LTL Excerpt 2: Future Voices in the Present: Gregory Porter

(from Learning to Listen: Reflections on 58 Great Singers)

 Within vocal  jazz Gregory Porter (b. 1971) may advance the genre forward through synthesizing the roots of jazz—gospel, blues, swing and improvisation—with more contemporary modes including songwriting prowess and an affinity for classic R&B. Appreciating Gregory Porter is greatly aided by understanding trends among jazz influenced male pop singers and in post ‘90s R&B.  Since Harry Connick’s commercial success in the late 80s/early 90s a slew of transparent would-be Sinatras have emerged. Michael Bublé became a massive pop star by mixing slick covers of standards and pop tunes with original soft rock ballads and a Rat Pack aura; crooner-pianists like Peter Cincotti and Tony DeSare have struggled to make a mark commercially and culturally; Jamie Cullum dwells somewhere between obvious crooner aspiration and genuine experimentation. The relationship of these performers to jazz and blues is slight—pop comfort is far more salient to their sound than improvisation. On the opposite spectrum are those patterned after the innovative bop artistry of Jon Hendricks and Mark Murphy. Traces of their  sound informs aspects of Al Jarreau’s music but Kurt Elling, Giacomo, Gates, Tom Lellis, and J.D. Walter are among the more obvious disciples with Elling being the most prominent among them.

                                  Photo image: www.gregoryporter.com

                                 Photo image: www.gregoryporter.com

Porter instantly stands out from the pop-oriented crooner by virtue of repertoire (mostly original), arrangements (typically small groups), and his decision to improvise.  He also injects aspects of blues and R&B into his phrasing rarely heard in crooner pop. He is a remarkable crooner with a burly baritone capable of producing tender grace notes as well as riffing like a soul shouter and instrumentalist all at once. Elements of classic R&B singers Donny Hathaway, Lou Rawls, and Bill Withers, can be heard in Porter’s incendiary writing and vocal tone. Yet he never sounds like a mere nostalgic, which is one of the pitfalls of neo-soul arrangements, and he is miles beyond the faceless cartoonish music of contemporary male R&B singing which tends toward slickness, vulgarity,  braggadocio, and lover man clichés—often at the same time in the same song. By avoiding these traps he stands apart immediately out as a unique artist…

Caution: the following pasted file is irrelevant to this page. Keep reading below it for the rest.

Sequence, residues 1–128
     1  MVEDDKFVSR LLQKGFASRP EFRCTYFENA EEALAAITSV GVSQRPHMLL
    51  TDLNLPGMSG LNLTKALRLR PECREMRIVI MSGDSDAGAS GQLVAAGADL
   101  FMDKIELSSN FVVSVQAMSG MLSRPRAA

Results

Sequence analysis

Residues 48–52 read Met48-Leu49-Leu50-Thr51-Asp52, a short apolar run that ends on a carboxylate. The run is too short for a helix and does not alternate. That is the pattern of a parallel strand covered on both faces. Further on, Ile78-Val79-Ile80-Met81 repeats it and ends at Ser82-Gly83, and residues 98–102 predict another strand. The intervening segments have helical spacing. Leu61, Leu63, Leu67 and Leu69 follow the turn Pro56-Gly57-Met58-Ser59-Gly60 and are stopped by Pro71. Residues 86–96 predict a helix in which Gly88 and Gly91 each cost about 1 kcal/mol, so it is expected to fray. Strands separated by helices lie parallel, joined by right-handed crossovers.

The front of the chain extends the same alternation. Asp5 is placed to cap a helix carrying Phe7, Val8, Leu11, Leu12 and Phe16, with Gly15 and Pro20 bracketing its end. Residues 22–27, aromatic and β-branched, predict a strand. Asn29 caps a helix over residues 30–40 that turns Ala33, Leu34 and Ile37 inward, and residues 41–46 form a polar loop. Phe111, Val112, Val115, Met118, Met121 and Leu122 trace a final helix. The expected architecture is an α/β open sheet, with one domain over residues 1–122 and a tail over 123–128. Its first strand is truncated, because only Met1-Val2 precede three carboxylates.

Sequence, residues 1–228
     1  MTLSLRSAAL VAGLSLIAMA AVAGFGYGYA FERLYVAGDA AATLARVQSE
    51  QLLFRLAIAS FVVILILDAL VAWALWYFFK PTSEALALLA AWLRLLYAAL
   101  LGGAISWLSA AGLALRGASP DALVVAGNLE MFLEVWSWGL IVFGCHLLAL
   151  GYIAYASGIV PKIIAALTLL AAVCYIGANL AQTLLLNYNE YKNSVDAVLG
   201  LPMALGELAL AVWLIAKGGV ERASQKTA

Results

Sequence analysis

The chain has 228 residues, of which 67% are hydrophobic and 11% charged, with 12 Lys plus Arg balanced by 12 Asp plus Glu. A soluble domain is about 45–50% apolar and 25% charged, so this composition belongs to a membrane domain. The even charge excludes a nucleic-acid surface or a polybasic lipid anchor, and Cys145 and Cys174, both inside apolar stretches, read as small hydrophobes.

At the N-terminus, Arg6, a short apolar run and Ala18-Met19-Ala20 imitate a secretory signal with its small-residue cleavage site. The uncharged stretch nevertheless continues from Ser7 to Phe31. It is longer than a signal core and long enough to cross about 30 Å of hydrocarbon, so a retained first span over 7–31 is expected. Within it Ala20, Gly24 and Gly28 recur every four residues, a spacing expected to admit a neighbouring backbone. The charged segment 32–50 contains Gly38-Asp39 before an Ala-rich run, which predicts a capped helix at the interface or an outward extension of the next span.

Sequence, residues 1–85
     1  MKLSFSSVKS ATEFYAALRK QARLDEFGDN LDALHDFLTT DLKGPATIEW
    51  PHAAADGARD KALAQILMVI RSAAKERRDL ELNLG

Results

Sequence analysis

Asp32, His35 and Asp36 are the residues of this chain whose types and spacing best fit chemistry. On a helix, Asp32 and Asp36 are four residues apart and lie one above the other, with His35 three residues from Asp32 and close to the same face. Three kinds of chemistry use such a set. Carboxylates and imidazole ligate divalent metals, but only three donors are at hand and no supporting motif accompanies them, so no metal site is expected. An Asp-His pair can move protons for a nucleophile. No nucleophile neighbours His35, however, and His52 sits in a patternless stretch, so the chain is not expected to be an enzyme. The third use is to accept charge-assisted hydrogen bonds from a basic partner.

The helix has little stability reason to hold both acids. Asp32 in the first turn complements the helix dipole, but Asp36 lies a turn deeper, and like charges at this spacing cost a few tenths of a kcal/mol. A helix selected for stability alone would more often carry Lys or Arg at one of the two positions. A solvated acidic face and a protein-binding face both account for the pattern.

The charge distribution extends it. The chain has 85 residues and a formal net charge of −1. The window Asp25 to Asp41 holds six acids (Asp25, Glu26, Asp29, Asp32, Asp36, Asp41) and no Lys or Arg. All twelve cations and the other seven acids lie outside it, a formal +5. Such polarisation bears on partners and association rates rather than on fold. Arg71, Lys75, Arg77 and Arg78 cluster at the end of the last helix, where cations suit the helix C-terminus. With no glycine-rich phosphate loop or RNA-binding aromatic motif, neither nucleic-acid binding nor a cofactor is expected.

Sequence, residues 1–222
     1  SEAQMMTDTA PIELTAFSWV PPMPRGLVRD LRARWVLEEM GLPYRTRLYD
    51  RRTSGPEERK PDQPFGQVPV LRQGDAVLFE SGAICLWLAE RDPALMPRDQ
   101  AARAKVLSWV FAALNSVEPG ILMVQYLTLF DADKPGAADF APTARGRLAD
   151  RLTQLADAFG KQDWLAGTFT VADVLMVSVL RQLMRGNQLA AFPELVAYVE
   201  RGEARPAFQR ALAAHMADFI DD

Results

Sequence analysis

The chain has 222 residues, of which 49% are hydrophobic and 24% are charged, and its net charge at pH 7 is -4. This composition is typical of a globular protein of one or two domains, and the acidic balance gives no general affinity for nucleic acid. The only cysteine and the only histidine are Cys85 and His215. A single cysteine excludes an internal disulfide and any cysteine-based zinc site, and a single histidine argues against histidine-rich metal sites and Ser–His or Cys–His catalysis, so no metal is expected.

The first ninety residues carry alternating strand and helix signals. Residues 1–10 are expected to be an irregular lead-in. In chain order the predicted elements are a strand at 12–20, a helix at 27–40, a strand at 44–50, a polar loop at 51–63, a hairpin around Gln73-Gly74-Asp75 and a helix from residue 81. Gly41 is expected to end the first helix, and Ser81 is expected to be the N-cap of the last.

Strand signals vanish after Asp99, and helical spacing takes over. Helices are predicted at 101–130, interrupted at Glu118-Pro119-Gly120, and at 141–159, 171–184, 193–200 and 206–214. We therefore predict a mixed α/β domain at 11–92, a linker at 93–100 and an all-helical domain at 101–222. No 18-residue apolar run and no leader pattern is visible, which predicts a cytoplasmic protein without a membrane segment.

…2010’s Water is so fully realized and deeply personal it’s hard to believe it’s a debut. Only someone with a strong sense of musicianship and self-awareness could accomplish its remarkable sense of balance. Porter mixes giddy love songs, and aching torch songs with several impressionist sketches of African-American diasporic history. These include “Wisdom,” an ancestral evocation that integrates snippets from the spiritual “Wade in the Water,” a swinging, ebullient vocal version of Wayne Shorter’s “Black Nile,” and the album’s highlight: the searing stop-start song “1960 What?” that laments the endurance of Detroit’s urban blight and malaise in contemporary society.   He and his band interplay impeccably serving as a perfect percussive foil. Porter is a spare lyricist; this quality allows him and his co-arrangers Chip Crawford and Kamau Kenyatta to provide ample space for soloists. Porter favors structures where the band states the musical theme, Porter enters, singing and telling the story, and then the band shifts into lengthy solos, often by multiple instruments, followed by a lyrical restatement of the theme. The solos provide a sense of emotional release and both music and lyric unite in service of the theme…

 …2011’s Be Good has a more anthemic R&B inflected approach than Water, but duplicates the range of moods and tones, and balances the contributions of vocalist and band. Porter is a gifted composer who uses metaphors artfully, and explores more vulnerable emotional territory than most writers of standard pop-jazz fare who usually focus on love. Musically he focuses more on mood and rhythmic feel than hooks, and writes melodies that lean in a folk-soul direction. These provide space for an almost parlando style of speak singing…

 …2013’s Jazz Vocal Grammy winner  Liquid Spirit reiterates all that is great about Porter—it’s musically diverse, he is in excellent voice, and he and the band operate seamlessly. The title track is a classic call-and-response anthem focused on equality and triumph premised on the notion: “Let the liquid spirits free/The folks are thirsty.” “Free” is his most autobiographical song, especially in the way he honors his parents which extends the ancestral theme of “Wisdom” and “On My Way to Harlem.”… 

 

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